Thibodeau and Rose have become close, with the head coach being one of Rose’s biggest supporters while he rehabbed for his return from consecutive knee surgeries. Sources close to the situation say Rose has voiced his concern about how Thibodeau’s situation is being handled, but it’s unclear if Rose has enough clout in the organization to stave off what could be the inevitable.

There seems to be little doubt that Thibodeau would be out of a job for long, as it’s believed he’s the frontrunner for the two open positions in Denver and Orlando and, if reports are true, he could be the frontrunner to replace Monty Williams in New Orleans. With so many teams willing to take on Thibodeau, it seems the Bulls can avoid paying out the balance of Thibodeau’s contract and get an asset or two in return. While that might not seem favorable to Bulls players and some of their fans, it seems like a reasonable answer to the problem in Chicago no one wants to really talk about.

Much Ado About Nothing: The problem with living in a fishbowl is everything you do can be seen and over-analyzed, and such is the life of Cleveland Cavaliers star LeBron James.

With Game 4 on the line, James waved off his teammates opting to take a corner shot, knocking down a buzzer beater to even the series. After the game, James revealed that the play in the huddle was for someone else and this started a firestorm suggesting that James and head coach David Blatt were not on the same page.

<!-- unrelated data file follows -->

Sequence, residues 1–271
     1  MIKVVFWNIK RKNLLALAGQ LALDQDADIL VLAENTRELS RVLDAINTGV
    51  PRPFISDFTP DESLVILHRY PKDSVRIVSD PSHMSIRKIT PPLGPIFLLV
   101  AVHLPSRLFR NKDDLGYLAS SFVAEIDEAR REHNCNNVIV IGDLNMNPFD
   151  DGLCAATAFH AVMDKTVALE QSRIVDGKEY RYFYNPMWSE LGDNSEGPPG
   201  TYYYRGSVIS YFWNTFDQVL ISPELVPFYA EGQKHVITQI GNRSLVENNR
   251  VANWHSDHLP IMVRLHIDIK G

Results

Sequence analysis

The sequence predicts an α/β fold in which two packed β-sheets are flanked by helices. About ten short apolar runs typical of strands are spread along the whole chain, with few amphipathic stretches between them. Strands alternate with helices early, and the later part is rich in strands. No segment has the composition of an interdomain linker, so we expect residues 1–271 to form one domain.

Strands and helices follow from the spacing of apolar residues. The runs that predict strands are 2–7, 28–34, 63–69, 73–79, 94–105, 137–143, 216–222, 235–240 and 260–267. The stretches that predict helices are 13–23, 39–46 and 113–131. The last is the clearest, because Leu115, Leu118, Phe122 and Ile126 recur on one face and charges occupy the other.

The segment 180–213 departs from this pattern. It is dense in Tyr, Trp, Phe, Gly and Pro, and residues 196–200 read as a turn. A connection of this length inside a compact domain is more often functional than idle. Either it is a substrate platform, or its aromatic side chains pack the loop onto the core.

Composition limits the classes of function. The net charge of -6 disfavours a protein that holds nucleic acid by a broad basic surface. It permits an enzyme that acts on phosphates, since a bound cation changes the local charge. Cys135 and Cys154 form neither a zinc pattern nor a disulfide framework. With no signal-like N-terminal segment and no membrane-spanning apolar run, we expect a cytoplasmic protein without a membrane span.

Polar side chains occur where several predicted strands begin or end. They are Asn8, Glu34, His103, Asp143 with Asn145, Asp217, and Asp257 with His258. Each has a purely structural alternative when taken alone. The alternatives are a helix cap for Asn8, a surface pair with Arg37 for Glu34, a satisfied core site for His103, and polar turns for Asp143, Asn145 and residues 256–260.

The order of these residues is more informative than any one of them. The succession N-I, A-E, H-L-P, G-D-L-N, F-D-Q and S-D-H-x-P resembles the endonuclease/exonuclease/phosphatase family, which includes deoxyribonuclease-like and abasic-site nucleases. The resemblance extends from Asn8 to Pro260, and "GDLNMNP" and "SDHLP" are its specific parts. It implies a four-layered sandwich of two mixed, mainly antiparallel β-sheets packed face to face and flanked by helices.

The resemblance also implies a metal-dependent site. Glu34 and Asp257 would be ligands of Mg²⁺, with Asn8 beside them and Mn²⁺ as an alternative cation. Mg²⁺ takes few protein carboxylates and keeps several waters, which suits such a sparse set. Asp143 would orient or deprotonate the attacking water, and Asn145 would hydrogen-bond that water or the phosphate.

The problem with that narrative is that some time ago, Blatt and the Cavaliers made changes not only to the roster but to the responsibilities of each player. A big part of Cleveland’s turnaround was the decision to put the ball in LeBron’s hands as well as allowing him to freelance and make plays on the fly.

For most of the last four months James has been making his own decisions on the court. This is nothing new; in fact, it’s been quite common for LeBron to see something on the floor and make a judgment call. This is something the staff in Cleveland has been comfortable with and they have had a lot of success. So it’s no surprise that with the game on the line, James did as he’s done 100 times this season: called his own number. This wasn’t a rift, this wasn’t blowing off the play – this was business as usual for the Cavaliers.

As with most things with Cleveland this year, everything said and done is being over-analyzed with an eye toward a rift or a problem. It’s a much better story to say LeBron and his head coach are not on the same page than admitting this has been operational procedure for most of the season.

Now some might say this is another reason Blatt may be under prepared for the situation he finds himself in, but those inside the locker room like the fact their coach trusts them in the moment, especially with the game on the line. There’s no question that Blatt has had a tremendous learning curve, but in an industry where control is overused and over asserted, Blatt trusting his players, especially his best player, in the moment is something veteran coaches do all the time.

There’s little doubt that everything the Cavaliers do will be put under the microscope, but the fact that LeBron made a game-winning shot when his team needed him the most isn’t part of a problem. It’s part of the Cavaliers solution.

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Steve Kyler is the Editor and Publisher of Basketball Insiders and has covered the NBA and basketball for the last 17 seasons.